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BMC Infect Dis. 2012 Oct 14;12:258. doi: 10.1186/1471-2334-12-258.

Immunophenotyping in post-giardiasis functional gastrointestinal disease and chronic fatigue syndrome.

Author information

1
Institute of Medicine, University of Bergen, Bergen N-5021, Norway. kurt.hanevik@med.uib.no

Abstract

BACKGROUND:

A Giardia outbreak was associated with development of post-infectious functional gastrointestinal disorders (PI-FGID) and chronic fatigue syndrome (PI-CFS). Markers of immune dysfunction have given conflicting results in CFS and FGID patient populations. The aim of this study was to evaluate a wide selection of markers of immune dysfunction in these two co-occurring post-infectious syndromes.

METHODS:

48 patients, reporting chronic fatigue in a questionnaire study, were clinically evaluated five years after the outbreak and grouped according to Fukuda criteria for CFS (n=19) and idiopathic chronic fatigue (n=5) and Rome II criteria for FGIDs (n=54). 22 Giardia exposed non-fatigued individuals and 10 healthy unexposed individuals were recruited as controls. Peripheral blood lymphocyte subsets were analyzed by flow cytometry.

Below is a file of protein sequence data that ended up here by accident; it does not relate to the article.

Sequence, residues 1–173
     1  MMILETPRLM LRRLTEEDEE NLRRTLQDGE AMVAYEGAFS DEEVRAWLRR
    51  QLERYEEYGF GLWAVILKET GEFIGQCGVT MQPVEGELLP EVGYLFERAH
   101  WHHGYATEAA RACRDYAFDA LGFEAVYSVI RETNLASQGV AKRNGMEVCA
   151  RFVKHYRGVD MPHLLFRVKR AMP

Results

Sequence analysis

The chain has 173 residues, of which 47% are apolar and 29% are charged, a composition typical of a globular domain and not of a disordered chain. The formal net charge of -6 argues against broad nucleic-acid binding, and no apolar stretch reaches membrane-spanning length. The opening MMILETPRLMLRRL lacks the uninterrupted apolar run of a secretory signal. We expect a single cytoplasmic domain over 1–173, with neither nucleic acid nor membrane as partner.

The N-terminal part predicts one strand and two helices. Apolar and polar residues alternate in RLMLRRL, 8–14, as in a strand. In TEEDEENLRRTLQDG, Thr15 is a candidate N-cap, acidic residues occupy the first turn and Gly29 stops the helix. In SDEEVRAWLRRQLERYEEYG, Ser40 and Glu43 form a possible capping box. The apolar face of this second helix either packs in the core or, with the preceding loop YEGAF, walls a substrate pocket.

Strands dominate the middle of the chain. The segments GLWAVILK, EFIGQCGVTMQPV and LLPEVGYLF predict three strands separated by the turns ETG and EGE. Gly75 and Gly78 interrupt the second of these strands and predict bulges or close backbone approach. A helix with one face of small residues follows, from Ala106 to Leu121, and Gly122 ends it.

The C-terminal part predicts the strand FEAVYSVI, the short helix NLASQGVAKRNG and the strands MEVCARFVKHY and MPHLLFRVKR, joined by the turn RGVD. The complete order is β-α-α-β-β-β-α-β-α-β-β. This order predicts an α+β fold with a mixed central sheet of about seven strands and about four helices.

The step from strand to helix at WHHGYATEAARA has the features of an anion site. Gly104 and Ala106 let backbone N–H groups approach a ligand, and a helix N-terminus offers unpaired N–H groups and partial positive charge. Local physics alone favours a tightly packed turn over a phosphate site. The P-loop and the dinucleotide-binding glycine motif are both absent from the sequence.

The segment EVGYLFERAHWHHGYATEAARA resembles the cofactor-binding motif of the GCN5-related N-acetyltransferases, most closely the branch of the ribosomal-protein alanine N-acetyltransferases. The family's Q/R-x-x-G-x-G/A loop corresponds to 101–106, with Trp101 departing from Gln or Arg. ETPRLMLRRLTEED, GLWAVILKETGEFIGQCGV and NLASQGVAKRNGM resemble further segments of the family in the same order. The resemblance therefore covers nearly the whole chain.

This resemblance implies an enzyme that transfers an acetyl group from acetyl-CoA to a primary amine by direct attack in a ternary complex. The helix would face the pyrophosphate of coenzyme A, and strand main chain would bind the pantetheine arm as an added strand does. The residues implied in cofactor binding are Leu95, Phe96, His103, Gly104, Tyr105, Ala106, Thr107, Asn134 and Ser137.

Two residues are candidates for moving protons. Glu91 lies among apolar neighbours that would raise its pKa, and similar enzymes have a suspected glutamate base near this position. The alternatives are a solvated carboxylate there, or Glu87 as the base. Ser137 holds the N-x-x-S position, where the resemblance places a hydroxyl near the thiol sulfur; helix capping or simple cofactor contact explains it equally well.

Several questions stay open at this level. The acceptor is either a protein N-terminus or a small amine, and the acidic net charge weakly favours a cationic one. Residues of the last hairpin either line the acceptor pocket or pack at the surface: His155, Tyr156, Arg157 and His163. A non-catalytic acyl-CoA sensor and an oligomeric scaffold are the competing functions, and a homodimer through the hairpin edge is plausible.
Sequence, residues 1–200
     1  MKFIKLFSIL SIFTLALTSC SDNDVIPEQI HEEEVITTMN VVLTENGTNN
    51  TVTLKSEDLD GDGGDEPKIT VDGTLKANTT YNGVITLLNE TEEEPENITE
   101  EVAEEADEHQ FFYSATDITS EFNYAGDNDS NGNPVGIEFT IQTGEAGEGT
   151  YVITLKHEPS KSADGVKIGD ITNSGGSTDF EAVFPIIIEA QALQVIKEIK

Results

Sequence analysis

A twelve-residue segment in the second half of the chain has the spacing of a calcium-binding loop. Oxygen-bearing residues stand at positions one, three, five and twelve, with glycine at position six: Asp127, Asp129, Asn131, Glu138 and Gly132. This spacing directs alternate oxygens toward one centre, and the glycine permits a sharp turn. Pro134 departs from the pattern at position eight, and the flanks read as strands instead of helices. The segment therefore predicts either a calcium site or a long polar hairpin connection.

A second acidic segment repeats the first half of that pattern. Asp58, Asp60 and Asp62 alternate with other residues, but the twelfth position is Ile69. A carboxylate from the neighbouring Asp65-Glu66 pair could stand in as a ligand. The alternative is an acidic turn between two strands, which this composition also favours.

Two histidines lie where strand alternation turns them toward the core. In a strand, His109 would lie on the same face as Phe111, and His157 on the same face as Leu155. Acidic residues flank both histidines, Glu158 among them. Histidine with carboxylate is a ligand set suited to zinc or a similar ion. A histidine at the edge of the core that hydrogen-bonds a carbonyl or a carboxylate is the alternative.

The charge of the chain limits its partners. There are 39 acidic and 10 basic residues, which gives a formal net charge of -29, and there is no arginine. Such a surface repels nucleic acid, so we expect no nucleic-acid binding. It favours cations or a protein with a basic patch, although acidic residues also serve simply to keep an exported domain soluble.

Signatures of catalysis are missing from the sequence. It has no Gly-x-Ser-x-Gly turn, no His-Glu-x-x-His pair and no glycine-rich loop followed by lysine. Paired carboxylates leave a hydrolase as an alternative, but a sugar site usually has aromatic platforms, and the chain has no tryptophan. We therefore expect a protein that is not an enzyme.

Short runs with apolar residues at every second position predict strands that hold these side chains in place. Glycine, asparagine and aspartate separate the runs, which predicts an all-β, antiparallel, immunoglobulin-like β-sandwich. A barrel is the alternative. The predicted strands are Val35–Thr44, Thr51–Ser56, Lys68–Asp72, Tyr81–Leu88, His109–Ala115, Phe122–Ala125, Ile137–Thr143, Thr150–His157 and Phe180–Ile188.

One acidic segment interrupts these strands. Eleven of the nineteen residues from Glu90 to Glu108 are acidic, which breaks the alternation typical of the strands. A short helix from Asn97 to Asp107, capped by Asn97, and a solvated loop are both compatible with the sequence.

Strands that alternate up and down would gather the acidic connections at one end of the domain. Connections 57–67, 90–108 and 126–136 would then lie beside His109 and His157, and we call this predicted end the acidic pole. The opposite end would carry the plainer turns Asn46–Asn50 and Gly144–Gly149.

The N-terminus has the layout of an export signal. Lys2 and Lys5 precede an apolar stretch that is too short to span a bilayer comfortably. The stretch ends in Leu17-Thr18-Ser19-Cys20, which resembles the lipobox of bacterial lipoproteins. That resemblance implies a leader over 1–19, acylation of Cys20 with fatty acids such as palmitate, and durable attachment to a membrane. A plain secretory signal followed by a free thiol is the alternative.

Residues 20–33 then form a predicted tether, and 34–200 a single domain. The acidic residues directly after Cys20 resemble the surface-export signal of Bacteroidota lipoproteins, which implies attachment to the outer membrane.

RESULTS:

In peripheral blood we found significantly higher CD8 T-cell levels in PI-FGID, and significantly lower NK-cell levels in PI-CFS patients. Severity of abdominal and fatigue symptoms correlated negatively with NK-cell levels. A tendency towards lower T-cell CD26 expression in FGID was seen.

CONCLUSION:

Patients with PI-CFS and/or PI-FGID 5 years after Giardia lamblia infection showed alterations in NK-cell and CD8-cell populations suggesting a possible immunological abnormality in these conditions. We found no significant changes in other markers examined in this well-defined group of PI-CFS and PI-FGID elicited by a gastrointestinal infection. Controlling for co-morbid conditions is important in evaluation of CFS-biomarkers.

PMID:
23061432
PMCID:
PMC3553045
DOI:
10.1186/1471-2334-12-258
[Indexed for MEDLINE]
Free PMC Article
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